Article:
Suspended for all of spring practices, Robison intends to show anyone paying attention he’s a better citizen.
“I would say in the community, and to maybe some of the players and some of the coaches, I’m not the best guy off the field,” Robison said. “And I would say so myself. I look in the mirror like, I’ve got to get things straight. Me being able to represent the school, the coaches, the team and the community is a real big part of my position and I need to definitely get better at that.”
A December night of drinking and marijuana use with teammates and girls that ended with a female student filing, and later retracting, a claim of sexual battery against Robison prompted his suspension.
Having arrived at FAU only after being kicked out of Oklahoma before ever making it to his first fall camp following an arrest for public intoxication, Robison said he relied on the support of his teammates while waiting to learn his fate.
FAU’s student affairs office conducted an independent investigation that concluded with Robison being allowed to stay both on the team and as a student at the school.
“At the beginning of the process we did suspend him immediately as they went through it. That’s just the way we handled it,” coach Lane Kiffin said. “A lot of people will say that’s wrong – innocent until proven guilty – but we just thought it was the right thing to do. Unfortunately, he kind of suffers.”
Robison learned in June he’d be able to rejoin the Owls.
“I understood that not a lot of people have this opportunity,” Robison said. “I’ve been, obviously, already given a second chance being from Oklahoma. I can’t continue to do things whatever they may be, that put me in the public eye in a bad light.”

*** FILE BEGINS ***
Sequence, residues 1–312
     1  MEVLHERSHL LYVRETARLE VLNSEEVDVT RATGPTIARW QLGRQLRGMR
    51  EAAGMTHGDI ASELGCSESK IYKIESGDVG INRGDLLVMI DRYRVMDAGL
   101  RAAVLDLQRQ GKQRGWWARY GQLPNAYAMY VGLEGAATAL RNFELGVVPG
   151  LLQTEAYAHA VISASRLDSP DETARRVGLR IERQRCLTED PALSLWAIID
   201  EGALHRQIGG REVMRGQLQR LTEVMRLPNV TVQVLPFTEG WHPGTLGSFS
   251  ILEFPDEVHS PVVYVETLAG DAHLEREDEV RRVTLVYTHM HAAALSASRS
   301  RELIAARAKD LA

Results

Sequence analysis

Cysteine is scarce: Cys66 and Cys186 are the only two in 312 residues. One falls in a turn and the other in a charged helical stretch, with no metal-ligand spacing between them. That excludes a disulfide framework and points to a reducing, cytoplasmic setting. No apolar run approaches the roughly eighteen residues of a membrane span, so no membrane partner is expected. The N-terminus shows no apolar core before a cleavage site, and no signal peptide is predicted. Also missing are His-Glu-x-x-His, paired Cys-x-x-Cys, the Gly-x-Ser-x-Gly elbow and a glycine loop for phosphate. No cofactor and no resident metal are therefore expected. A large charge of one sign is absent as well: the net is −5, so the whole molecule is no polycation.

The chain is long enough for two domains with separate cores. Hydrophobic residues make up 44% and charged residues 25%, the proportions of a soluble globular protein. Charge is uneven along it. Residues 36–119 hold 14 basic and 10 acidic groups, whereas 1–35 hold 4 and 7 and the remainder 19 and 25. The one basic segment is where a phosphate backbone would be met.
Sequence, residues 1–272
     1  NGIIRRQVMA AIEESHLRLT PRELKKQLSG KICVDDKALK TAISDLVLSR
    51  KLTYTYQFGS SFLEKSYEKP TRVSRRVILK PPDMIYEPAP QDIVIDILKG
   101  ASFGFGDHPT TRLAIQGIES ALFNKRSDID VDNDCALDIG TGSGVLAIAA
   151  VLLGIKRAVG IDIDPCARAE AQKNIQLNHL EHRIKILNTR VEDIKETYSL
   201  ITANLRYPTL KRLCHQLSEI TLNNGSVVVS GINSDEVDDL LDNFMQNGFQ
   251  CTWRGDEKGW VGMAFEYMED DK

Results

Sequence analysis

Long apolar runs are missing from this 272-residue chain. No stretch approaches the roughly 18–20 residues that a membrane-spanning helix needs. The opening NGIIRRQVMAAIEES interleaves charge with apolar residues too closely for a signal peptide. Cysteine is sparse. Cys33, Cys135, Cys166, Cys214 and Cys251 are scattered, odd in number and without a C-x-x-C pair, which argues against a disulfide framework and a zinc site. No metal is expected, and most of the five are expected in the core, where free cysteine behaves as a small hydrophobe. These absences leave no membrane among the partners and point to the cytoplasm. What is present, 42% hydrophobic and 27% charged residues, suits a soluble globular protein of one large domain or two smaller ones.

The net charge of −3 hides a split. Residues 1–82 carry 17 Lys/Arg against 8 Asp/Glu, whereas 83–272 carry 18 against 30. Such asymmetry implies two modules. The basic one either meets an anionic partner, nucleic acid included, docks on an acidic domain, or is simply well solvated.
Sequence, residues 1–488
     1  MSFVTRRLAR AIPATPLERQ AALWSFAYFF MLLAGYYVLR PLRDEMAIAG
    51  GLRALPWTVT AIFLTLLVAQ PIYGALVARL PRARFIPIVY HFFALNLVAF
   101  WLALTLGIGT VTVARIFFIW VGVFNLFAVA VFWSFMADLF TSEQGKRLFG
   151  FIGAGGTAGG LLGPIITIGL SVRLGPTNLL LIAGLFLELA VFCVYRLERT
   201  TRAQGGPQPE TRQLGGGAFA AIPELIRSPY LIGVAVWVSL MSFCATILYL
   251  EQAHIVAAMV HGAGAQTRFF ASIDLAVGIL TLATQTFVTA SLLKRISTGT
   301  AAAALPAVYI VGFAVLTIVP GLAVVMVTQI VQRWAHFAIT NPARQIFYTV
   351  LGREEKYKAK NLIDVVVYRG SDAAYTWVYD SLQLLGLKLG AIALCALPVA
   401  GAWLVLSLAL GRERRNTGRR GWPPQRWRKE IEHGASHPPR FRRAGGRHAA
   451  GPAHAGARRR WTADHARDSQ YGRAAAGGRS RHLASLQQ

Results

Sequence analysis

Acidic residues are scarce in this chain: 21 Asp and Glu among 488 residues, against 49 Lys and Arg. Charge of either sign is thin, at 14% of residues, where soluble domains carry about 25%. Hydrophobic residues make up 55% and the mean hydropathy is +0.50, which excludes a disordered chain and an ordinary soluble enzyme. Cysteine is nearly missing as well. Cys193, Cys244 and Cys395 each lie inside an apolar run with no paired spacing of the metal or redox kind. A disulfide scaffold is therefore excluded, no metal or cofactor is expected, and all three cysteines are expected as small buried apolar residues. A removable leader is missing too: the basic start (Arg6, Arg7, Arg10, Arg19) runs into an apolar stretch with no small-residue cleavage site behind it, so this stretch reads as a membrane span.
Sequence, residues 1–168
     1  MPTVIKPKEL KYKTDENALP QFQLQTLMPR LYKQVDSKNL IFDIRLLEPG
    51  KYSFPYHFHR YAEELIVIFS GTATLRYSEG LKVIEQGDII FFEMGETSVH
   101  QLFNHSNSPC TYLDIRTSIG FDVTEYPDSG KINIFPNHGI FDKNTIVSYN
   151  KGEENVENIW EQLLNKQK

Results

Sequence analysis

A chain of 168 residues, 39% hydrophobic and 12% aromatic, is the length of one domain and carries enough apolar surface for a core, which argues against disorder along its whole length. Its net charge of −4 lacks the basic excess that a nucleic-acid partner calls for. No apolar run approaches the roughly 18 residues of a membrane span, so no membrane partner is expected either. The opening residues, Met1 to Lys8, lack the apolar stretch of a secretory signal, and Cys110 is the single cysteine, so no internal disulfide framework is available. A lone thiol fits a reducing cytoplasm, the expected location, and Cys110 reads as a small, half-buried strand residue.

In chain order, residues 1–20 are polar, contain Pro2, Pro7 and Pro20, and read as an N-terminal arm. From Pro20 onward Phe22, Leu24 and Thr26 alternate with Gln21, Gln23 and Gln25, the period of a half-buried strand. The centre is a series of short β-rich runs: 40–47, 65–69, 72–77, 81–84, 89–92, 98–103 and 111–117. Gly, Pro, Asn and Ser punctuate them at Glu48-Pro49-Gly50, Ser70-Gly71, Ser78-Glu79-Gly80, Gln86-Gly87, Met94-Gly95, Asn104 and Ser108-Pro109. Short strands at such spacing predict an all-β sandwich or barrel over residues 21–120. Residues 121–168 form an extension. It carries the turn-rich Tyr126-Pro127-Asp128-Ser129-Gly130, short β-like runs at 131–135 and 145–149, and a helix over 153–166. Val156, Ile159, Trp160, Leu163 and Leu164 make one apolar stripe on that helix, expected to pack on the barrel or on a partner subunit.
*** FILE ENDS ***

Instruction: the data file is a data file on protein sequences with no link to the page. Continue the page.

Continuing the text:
Robison believes making better decisions away from the field will carry the added bonus of improving his play on it. The gregarious but often flighty signal caller tossed as many interceptions (12) as touchdowns during his redshirt freshman season.
“I had some pretty good games but, all in all, I was not locked in as I should have been, whether that was throughout the whole week or even on game day,” Robison said.
Addressing the media for the first time since his suspension, Robison’s personality still came through – the quarterbacks and position coach Charlie Weis are all growing mustaches for camp, prompting Robison to quip that he didn’t believe the 26-year-old Weis was going to be able to pull it off – but he did appear more reserved compared to similar situations last seasons. He answered all questions posed without deflecting.
“I think going through something like that and being gone is a little bit humbling,” Kiffin said.
Robison, Nick Tronti and Justin Agner rotated through drills with the first team on Friday, FAU’s first practice of fall camp. All three had their moments. Looking confident but not cocky, Robison zipped passes downfield and showed touch near the sideline.
Robison is treating his spring suspension as though he missed the practices because of an injury.
Kiffin would like to know as soon as possible which of the three will start at quarterback when the Owls open the season on Aug. 31 at Ohio St., but he’s not going to self-impose an artificial deadline on the decision.
“We want it to show as fast as it can, and so if it shows one guy’s is definitely taking over, you want that,” Kiffin said. “I don’t think anybody wants it to drag out, or shouldn’t want it to drag out, because you want to know your guy. The problem is that if it’s not showing, or just barely showing, you want to take your time because you can be wrong. We’ve been wrong before. You don’t have preseason games in college football. This is the hardest position to evaluate. Guys screw it up in the NFL all the time. Look at the draft.”